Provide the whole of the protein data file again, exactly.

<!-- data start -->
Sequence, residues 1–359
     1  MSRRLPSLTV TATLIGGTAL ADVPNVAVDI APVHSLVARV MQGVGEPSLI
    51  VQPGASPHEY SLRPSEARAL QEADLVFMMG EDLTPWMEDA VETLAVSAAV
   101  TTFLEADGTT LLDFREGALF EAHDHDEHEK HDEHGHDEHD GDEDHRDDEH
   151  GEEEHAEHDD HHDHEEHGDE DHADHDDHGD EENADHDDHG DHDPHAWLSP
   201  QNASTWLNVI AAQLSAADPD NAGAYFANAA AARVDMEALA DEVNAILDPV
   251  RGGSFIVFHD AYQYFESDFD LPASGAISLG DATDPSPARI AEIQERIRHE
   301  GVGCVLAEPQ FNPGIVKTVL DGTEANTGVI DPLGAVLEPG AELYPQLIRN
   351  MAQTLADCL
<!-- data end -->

Sequence, residues 1–359
     1  MSRRLPSLTV TATLIGGTAL ADVPNVAVDI APVHSLVARV MQGVGEPSLI
    51  VQPGASPHEY SLRPSEARAL QEADLVFMMG EDLTPWMEDA VETLAVSAAV
   101  TTFLEADGTT LLDFREGALF EAHDHDEHEK HDEHGHDEHD GDEDHRDDEH
   151  GEEEHAEHDD HHDHEEHGDE DHADHDDHGD EENADHDDHG DHDPHAWLSP
   201  QNASTWLNVI AAQLSAADPD NAGAYFANAA AARVDMEALA DEVNAILDPV
   251  RGGSFIVFHD AYQYFESDFD LPASGAISLG DATDPSPARI AEIQERIRHE
   301  GVGCVLAEPQ FNPGIVKTVL DGTEANTGVI DPLGAVLEPG AELYPQLIRN
   351  MAQTLADCL